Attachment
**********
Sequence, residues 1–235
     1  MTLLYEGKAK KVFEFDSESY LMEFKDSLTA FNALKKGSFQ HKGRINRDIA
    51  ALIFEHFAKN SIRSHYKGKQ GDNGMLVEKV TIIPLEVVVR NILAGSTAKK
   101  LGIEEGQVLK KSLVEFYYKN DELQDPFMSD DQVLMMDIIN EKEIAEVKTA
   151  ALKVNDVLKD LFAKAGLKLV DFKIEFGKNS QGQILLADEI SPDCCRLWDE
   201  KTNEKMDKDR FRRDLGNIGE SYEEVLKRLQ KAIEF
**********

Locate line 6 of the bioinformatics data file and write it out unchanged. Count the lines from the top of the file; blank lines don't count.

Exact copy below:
   201  KTNEKMDKDR FRRDLGNIGE SYEEVLKRLQ KAIEF